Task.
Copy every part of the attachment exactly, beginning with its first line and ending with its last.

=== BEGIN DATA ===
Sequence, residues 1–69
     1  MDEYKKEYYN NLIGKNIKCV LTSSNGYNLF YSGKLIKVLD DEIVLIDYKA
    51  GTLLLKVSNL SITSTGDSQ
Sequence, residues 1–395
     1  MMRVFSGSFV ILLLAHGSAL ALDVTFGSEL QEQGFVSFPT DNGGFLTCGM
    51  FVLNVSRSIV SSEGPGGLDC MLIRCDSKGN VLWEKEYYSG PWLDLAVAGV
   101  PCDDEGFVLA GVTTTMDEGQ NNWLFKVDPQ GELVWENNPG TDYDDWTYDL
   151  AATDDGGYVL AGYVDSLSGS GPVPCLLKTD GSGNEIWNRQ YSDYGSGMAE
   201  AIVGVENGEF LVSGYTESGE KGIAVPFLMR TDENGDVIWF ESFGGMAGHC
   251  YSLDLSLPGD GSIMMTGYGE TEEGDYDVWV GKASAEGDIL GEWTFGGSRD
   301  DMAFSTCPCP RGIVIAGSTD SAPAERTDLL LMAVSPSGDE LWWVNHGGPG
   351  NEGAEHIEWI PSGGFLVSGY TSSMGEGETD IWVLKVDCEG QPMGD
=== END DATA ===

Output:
Sequence, residues 1–69
     1  MDEYKKEYYN NLIGKNIKCV LTSSNGYNLF YSGKLIKVLD DEIVLIDYKA
    51  GTLLLKVSNL SITSTGDSQ
Sequence, residues 1–395
     1  MMRVFSGSFV ILLLAHGSAL ALDVTFGSEL QEQGFVSFPT DNGGFLTCGM
    51  FVLNVSRSIV SSEGPGGLDC MLIRCDSKGN VLWEKEYYSG PWLDLAVAGV
   101  PCDDEGFVLA GVTTTMDEGQ NNWLFKVDPQ GELVWENNPG TDYDDWTYDL
   151  AATDDGGYVL AGYVDSLSGS GPVPCLLKTD GSGNEIWNRQ YSDYGSGMAE
   201  AIVGVENGEF LVSGYTESGE KGIAVPFLMR TDENGDVIWF ESFGGMAGHC
   251  YSLDLSLPGD GSIMMTGYGE TEEGDYDVWV GKASAEGDIL GEWTFGGSRD
   301  DMAFSTCPCP RGIVIAGSTD SAPAERTDLL LMAVSPSGDE LWWVNHGGPG
   351  NEGAEHIEWI PSGGFLVSGY TSSMGEGETD IWVLKVDCEG QPMGD